Wishes for 2011

Since today is the last day of the year, it’s only fitting to look ahead to 2011 and list a few things that I would like to see happen…

1)  It’s the jobs, stupid — I would dearly like to see real change on the economy and unemployment.  While Stimulus I and Stimulus II passed, they were far from enough to really encourage any job growth.  When you have tax cuts for the upper tier of income, the extra money they receive does not “trickle down” to the lower classes.  Moody’s Analytics listed the top five ways to stimulate the economy, and tax cuts didn’t even come close…

  1. Increase in Food Stamps
  2. Extend Unemployment Benefits – not just fund, give extra weeks to those already out of time
  3. Infrastructure Spending – Stimulus I did some, but far from enough
  4. Aid to State Governments
  5. Payroll Tax Holiday

2) No more gridlock — During the 111th Congress, more bills were held up in the Senate because of its arcane rules than any other Congress before it.  Even with the increase Republican minority and the new majority in the House, we don’t have to see everything come to a standstill.  During the Clinton administration’s first mid-term election he also lost control of Congress, yet he was still able to pass many important and substantive policy programs.  Also, the recent lame-duck session was very historic and a lot of really substantive bills were signed into law.  I realize that there will need to be compromises in order to get legislation passed, but “compromise” is really the heart of legislative governing.  You need to find a common ground for the greater good and do what needs to be done to move the country forward.

3) Change what needs to be changed — The Health-care plan that was passed earlier this year was a good start, but it’s far from perfect.  Currently there are many legal challenges to the plan and a call to defund plan when the next spending bill comes up.  I feel that there needs to be some changes made to it, but defunding the plan is not the way to go.  Instead, I challenge both sides to come up with ways to improve it instead of removing it.

4) Work on the Deficit, but not yet — We owe a lot of money…we owe a hell of a lot of money…we owe so much money that it’s hard to count.  I completely agree that we need to do something about it.  With a combination of tax increases and spending decreases, along with long term budget balancing and better planning, we can give to our children and grand-children a country that is free of debt.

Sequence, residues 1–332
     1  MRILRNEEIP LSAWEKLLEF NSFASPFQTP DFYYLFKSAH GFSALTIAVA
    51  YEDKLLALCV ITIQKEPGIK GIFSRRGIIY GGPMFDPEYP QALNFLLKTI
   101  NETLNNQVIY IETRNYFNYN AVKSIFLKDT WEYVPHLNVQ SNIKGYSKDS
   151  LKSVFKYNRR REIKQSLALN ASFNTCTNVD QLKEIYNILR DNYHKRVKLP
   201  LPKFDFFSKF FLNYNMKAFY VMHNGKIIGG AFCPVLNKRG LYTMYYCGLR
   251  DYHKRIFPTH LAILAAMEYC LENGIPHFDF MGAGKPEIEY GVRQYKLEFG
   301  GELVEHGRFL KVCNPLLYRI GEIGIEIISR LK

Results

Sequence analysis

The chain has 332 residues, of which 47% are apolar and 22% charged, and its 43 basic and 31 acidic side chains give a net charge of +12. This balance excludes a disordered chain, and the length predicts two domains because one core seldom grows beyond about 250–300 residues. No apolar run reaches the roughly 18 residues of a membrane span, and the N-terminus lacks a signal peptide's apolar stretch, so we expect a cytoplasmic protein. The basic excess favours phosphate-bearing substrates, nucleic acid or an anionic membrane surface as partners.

The problem with doing that now is that we don’t have the economy working with us on this.  Once the jobless are working again (and with it more income to the Local, State, and Federal Governments) we can look at what needs to be done.  If we start cutting programs now, including the social safety nets like unemployment and Social Security, we may end up and send us back into economic chaos and from that it could take years to recover.

5) The end of the spin cycle — While not directly related to politics, I feel that both sides need to slow down their spin machines and really listen to what they’re saying and how what they say influences the people who listen to it.  There are talking heads on both sides, such as Glenn Beck, Michael Savage, Rush Limbaugh on the Right and Keith Olbermann, Rachel Maddow, and Ed Schultz on the Left, that at times can be interesting and informative but end up most of the time being nothing more than a distraction from getting things accomplished.  It’s important to hear what both sides have to say, but it can be done without all the spin and rhetoric.   This country needs and deserves an open and honest commentary on what works and what doesn’t.

6) Campaign Finance Reform, for real — During the mid-terms, we saw an explosion of shadowy campaign advertising groups, nearly unlimited corporate campaign funding, and even funding from interests outside of the country (if the rumored reports about the U.S. Chamber of Commerce are true).  When large organizations with nearly unlimited money can contribute freely to a campaign, what does that say for the $20 or $100 given by an ordinary citizen.  How much interest do you think the campaigns give when comparing the limited money given by a citizen to the millions given by corporations?  What needs to happen is real campaign finance reform where corporations and individuals have the same limits, or even better let the citizens have the real power and disallow all businesses and corporations from any contributions.

Well, there is my list of what I would like to see in 2011…what’s on your wish list for the new year?



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